Yong Xiong PhD
Associate Professor of Molecular Biophysics and Biochemistry
Innate immune systems; HIV; fatty acid synthase (FAS); polyketide synthase (PKS); Viral vectors
Our lab uses structural biology methods to study biological systems that have direct health impacts. A primary interest is innate immune systems, in particular, host cellular factors that fight viral infections such as those in the human body’s first line of defense against HIV. Another major interest is the mechanisms of fatty acid synthase (FAS), the cellular fat factory, and its close relationship to polyketide synthase (PKS), the cellular machinery that produces the most important natural products widely used in human medicine. Our goal is to provide a structural basis for understanding these systems and use the information gained to direct structure-based drug design of anti-viral, anti-fungal, and antibiotic compounds. Screening of inhibitors will be carried out at the Yale Chemical Genomics Screening Facility. Additionally, we are interested in the development of X-ray crystallographic methods that will push the limits of this technique.
Extensive Research Description
Our laboratory studies innate immune responses to viral infections and mechanisms of fatty acid synthesis. We use a variety of techniques, including X-ray crystallography, biochemistry, molecular biology, and computational biology. We also develop new X-ray crystallographic methods to facilitate the structural work.
Innate immune responses to HIV infection and viral countermeasures
APOBEC3 proteins. The innate immune system is the body's first line of defense against viral infections. Human antiviral protein APOBEC3G induces extensive mutations in HIV DNA that render the virus non-infectious. To evade the host defense system, HIV expresses the virion infectivity factor, Vif, which causes the degradation of APOBEC3G. We aim to establish the chemical and structural principles by which APOBEC3G mutates HIV DNA and the mechanisms by which HIV Vif sequesters APOBEC3G. Information gained from these studies will be used to direct structure-based design of Vif inhibitors that may lead to new anti-HIV drugs.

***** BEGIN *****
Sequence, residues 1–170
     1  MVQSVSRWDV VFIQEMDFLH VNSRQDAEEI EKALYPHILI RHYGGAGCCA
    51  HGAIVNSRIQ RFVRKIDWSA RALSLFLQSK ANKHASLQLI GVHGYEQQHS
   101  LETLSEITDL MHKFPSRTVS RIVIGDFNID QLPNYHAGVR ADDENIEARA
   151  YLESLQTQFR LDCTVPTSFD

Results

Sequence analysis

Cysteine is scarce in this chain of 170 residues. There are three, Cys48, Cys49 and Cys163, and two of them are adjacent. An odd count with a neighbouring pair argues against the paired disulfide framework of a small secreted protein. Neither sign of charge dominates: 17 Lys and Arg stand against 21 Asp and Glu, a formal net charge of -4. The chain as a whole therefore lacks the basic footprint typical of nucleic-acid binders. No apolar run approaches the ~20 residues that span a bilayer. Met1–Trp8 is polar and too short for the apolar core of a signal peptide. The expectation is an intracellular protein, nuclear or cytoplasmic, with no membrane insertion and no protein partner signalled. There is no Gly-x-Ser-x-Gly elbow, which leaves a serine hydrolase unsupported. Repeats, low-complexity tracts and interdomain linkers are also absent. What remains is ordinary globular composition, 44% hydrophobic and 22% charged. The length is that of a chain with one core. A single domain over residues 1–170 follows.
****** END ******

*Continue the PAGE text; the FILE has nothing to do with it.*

TRIM5a. Species-specific restriction factors can limit the number of host organisms that retroviruses are able to infect. The tripartite motif protein, TRIM5a, is an important component of the cross-species barrier to HIV and many other retroviruses. TRIM5a likely inhibits retrovirus infection through interactions with the viral capsid protein (CA). The goal of this project is to characterize the TRIM5a-CA interaction in vitro and establish the structural basis for this interaction.
Fatty acid synthesis
De novo synthesis of saturated fatty acids is catalyzed by fatty acid synthase (FAS) through multiple cycles of multi-step reactions. In yeast production of fatty acids is carried out by a 2.6 Megadalton FAS complex that contains 48 reaction centers. We have determined the crystal structure of the yeast FAS in the absence of any substrates. Additional reaction states will be examined to understand the mechanisms of fatty acid synthesis. Information gained can then be used to design FAS inhibitors that may lead to antifungal and obesity therapeutics.
X-ray crystallography at low resolutions
Electron microscope (EM) and X-ray crystallography. X-ray structure determination can utilize a low-resolution EM image for molecular replacement solution followed by phase extension to higher resolution by density modification.
Electron density deblurring. The electron density map obtained by X-ray crystallography or EM is often blurred due to motion and disorder in the crystal. We study the decoupling of the displacement by data sharpening techniques that treat individual domains of the molecule separately.
Folding calculation using X-ray data. Very low-resolution electron density maps (6-8 Å) can be used as a restraint for folding software in de novo calculations of atomic models.